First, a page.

Natural Light Portraiture; Why One Photographer Loves The Sun!

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For years photographers have extolled the virtues of taking portraits on overcast days or during the "sweet light" that occurs near the beginning and end of every day. On cloudy days, the contrast range is reduced, allowing you to capture detail throughout the image, from the brightest area to the deepest shadow. Near sunset, you also get a reduced contrast range, with the added benefit of directional lighting, a wonderful bonus. And while I won't argue that the beginning and "tail end" of each day's light offers us perhaps our best lighting conditions, I can tell you that I actually prefer sunny days to cloudy ones when shooting. Here`s why:

Like most photographers, I have to shoot all day. I can honestly tell you that I don't care if I have a session at 9am or noon, I can make the light work. One more thing I should tell you: I never use a flash outside in individual portrait work. I use a reflector perhaps 5 percent of the time, usually when it's cloudy, and I'll use a "gobo" to block splotchy light, but only occasionally. Most of the time, it's just me, my camera, and a light meter.

This shows me shooting in the middle of the city, finding good light in many places. Not visible in this image is the big yellow building across the street that is bouncing the light back on the model (note my shadow on the wall). Trees also block overhead light. This is one of my favorite shooting locations. The final image shows the loop lighting pattern (see nose shadow). It was retouched and softened, using Kevin Kubota's "Hot Fudge" Action for the brown color. (Model: Alyson Perreault.)
All Photos © 2006, Steve Bedell, All Rights Reserved

It's not that this is the only way to shoot. You can use flash outside, and for weddings always carry a flash. With portraits, if I use a flash, I want it to be on a light stand with a softbox, acting as a main light. "Fill flash" requires a very precise amount of fill or the result looks unnatural. Add to that the fact that I am usually working very quickly and it's easy to see why I have learned to "see" my light. That's what I did on a typical senior portrait recently.

The Studio
I don't have a special outdoor area for shooting. My studio is located right in the middle of a small (25,000, big for New Hampshire) town. I'm in a big old building with no place for an outdoor shooting area. So I walk out the front door and the town becomes my outdoor studio. Like anyone who's been in business longer than six months, I've learned to make a disadvantage an advantage. Come to my studio and you won't see the same background that's in everyone's photos--it all depends on lighting conditions and time of day. I tell clients we're going to go on a little adventure and find some nice spots for them. We have a great time!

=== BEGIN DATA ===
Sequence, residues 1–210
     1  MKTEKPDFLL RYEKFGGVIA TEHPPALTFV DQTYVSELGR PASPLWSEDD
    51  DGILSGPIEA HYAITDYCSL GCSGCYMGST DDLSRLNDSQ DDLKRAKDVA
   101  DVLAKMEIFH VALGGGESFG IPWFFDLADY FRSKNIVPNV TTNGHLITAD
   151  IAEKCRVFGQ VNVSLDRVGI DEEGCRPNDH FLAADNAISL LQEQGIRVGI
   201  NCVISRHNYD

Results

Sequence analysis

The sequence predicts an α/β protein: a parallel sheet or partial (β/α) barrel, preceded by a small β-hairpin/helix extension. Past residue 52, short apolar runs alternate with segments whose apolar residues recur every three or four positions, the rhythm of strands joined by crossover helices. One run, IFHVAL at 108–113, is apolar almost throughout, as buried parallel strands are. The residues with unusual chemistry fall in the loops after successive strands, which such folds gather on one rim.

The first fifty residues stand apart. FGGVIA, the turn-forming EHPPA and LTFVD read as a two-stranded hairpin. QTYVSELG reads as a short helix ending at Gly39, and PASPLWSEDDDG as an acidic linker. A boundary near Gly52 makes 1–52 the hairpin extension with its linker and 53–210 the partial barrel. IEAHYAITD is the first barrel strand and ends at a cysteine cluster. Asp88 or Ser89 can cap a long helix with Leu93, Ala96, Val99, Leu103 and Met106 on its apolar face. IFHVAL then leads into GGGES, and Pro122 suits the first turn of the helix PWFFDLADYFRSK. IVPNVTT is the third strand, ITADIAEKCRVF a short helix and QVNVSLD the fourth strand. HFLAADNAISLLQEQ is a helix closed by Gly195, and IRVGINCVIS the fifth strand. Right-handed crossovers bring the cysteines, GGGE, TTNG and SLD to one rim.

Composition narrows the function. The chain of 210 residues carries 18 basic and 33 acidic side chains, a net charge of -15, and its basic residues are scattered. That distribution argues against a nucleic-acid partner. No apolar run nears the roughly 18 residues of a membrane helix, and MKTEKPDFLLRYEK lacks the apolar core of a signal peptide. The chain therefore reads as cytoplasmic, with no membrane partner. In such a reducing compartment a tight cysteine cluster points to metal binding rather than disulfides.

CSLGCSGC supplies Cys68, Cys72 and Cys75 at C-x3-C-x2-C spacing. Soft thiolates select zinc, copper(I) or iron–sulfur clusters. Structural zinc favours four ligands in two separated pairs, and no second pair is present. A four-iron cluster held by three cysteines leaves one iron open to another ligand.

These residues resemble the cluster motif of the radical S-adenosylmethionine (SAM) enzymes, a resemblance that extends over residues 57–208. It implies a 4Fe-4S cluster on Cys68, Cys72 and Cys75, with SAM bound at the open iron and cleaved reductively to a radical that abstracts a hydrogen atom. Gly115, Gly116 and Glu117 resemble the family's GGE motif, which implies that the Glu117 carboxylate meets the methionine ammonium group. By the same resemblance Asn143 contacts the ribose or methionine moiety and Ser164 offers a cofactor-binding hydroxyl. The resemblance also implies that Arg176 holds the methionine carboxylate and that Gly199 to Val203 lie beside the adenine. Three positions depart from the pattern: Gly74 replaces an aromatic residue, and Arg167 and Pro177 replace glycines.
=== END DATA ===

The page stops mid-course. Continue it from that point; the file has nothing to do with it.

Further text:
The Light
Once we leave the studio, the first thing I do is check out the light. If it's overcast, I know my strongest light is directly overhead, so I'm either going to have to block it somehow or "add" some back in with a reflector. I'm very picky about having light in the eye, although it doesn't always have to be at 10 or 2 o'clock. I do need a sparkle in there though, and I won't add it with a flash. Perhaps it's just personal preference, but I like a very natural look in my portraits, and I'd rather find good lighting conditions then try to shape them with external forces. Let's assume we've got a brilliant sunny day with no clouds and see what we can find.

I even like it when it's sunny at the beach--but only late in the day. This image was taken after the sun dove behind a row of trees and allowed me to shoot toward the water while using the strong bright sky behind me. The light is "flat" since it comes from behind me but look at the nice glow and "sparkle" it has. This look cannot be attained when it's cloudy. (Model: Camilla Breitholtz.)

The Sun: Advantages
I'm a self-proclaimed sun lover. When I use the sun, I feel I am harnessing its power, and carefully shaping it, to create a wonderful portrait. Portraits taken using sunlight have a wonderful energy and color that is not attainable on cloudy days. You can also get a great light in the eye that makes them really sing. I call this combination of forces "sparkle light" and I love using it.

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3edc9's picture
I'm quite glad to have seen

I'm quite glad to have seen this blog, thank you so much for all the great information on cameras and wonderful pictures, I will be sure to pass the url on to my more artistic family and friends....

Tommy